Re: [tomato] cross pollination with heirlooms

Margaret Lauterbach (
Tue, 21 Jul 1998 08:19:35 -0600

At 03:29 AM 7/21/98 -0500, you wrote:
>Chuck or anyother heirloom expert,
>    How much of a problem is cross pollination with heirlooms.  You
implied it is too much of a problem to use saved seeds.  Last year I saved
seeds from several heirloom varieties but didn't use cages.  A
gardening/C.S.A. friend told me they wouldn't come true so much to my
husbands dismay I planted the saved seeds and also some newly purchased
ones "just in case".  We now have 145 tomato plants.  So far I can't tell
any problems with the saved seeds but here in WI there aren't many ripe
tomatoes yet. I was lazy again this year and didn't build cages, do you
think I should bother saving seeds or just wait until next year when I
finally am more organized?  
>Waiting impatiently for that first red tomato,
Kim, I rely mostly upon Suzanne Ashworth's "Seed to Seed", maintains that
since most modern tomato varieties have totally retracted styles (and are
self-pollinating), there's little crossing.  But currant tomatoes (L.
pimpinellifolium), potato-leaved varieties of L. lycopersicon, and any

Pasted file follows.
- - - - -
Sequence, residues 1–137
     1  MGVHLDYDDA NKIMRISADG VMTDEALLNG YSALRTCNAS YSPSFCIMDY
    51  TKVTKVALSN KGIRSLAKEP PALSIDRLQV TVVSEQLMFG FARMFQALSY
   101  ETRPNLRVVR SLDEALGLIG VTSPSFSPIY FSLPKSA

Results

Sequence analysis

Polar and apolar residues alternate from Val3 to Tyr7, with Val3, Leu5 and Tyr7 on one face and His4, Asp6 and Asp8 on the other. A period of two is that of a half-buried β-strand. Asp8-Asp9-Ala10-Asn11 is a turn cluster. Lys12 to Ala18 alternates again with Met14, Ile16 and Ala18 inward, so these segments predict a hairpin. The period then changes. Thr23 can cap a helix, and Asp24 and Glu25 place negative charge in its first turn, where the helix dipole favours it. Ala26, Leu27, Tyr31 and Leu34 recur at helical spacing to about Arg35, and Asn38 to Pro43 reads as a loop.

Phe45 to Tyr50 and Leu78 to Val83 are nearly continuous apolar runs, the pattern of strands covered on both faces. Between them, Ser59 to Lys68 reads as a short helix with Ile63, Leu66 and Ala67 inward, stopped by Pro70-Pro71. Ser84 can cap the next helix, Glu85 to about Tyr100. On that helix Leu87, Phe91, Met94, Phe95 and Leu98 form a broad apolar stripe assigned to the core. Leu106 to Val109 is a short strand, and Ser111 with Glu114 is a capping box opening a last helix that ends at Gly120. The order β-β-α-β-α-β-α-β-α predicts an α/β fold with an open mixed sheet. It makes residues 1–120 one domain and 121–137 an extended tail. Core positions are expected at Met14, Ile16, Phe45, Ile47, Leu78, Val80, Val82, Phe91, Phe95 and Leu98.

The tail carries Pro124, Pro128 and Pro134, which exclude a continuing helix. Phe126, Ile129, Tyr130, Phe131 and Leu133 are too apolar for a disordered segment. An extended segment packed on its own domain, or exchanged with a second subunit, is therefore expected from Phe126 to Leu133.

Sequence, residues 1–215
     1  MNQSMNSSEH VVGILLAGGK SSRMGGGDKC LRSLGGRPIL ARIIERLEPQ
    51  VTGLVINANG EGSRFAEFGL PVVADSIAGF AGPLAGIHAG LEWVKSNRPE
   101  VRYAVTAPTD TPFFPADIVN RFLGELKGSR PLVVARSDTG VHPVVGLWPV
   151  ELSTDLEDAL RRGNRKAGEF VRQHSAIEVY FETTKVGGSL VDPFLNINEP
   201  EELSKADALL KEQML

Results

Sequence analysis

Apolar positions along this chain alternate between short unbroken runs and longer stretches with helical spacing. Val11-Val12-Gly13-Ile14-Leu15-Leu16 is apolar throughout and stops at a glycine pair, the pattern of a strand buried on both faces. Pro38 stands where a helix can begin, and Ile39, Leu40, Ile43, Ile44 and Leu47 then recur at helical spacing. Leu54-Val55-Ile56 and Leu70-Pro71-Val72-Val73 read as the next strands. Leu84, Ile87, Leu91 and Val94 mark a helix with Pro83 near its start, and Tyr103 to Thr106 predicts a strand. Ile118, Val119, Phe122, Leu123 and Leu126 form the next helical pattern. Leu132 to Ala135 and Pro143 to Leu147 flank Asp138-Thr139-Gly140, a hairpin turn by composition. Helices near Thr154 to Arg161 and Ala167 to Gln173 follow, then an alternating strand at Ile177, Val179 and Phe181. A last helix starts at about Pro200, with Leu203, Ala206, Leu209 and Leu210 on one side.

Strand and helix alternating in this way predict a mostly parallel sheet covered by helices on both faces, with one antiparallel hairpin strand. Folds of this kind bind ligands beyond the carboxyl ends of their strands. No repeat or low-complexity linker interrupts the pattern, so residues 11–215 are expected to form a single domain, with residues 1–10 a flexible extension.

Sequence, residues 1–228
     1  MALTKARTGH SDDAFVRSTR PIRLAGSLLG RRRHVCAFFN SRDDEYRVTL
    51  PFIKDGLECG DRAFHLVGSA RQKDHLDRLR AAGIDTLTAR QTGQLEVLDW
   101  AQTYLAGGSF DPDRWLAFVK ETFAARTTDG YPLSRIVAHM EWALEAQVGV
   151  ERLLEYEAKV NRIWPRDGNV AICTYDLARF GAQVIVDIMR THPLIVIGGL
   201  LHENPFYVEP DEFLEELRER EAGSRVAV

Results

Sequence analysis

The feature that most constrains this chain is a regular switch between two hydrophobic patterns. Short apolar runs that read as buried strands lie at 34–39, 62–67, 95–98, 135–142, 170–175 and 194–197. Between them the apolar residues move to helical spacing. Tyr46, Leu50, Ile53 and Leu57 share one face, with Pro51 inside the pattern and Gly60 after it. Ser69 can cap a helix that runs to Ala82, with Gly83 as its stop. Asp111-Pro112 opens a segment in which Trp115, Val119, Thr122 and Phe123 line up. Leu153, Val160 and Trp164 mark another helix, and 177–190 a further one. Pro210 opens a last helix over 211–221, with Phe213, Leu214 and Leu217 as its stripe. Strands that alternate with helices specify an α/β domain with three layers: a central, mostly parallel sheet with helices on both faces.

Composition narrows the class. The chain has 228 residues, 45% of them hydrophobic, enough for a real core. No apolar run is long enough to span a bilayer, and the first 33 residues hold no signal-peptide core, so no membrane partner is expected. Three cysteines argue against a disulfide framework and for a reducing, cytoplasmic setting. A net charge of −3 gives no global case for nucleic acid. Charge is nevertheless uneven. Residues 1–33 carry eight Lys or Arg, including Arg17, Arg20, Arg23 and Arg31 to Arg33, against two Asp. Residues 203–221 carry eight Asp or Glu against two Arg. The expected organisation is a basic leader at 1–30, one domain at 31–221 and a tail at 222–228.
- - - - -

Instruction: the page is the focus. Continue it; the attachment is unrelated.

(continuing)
fruit formed from double blossoms on beefsteak types of L. lycopersicon do
not have retracted styles, and may cross.  I don't save seeds from
potato-leaved varieties, and am not growing currant tomatoes.  I watch out
for the beefsteak doubles, but other than that, I do save seeds.  I have
noticed last year and this year that there are some very aggressive
bumblebees attacking tomato flowers, however, and they may be causing some
crossing.  At this point I don't know that, but I did save seeds of several
varieties last year and probably will again this year.  (I highly recommend
this book, by the way).

You beat my 60 tomato plants, for sure.  What is a C.S.A. friend?
Confederate States of America is the only thing I know that stands for.
And by the way, I think she/he's wrong -- I'll bet your tomatoes will come
true.  Margaret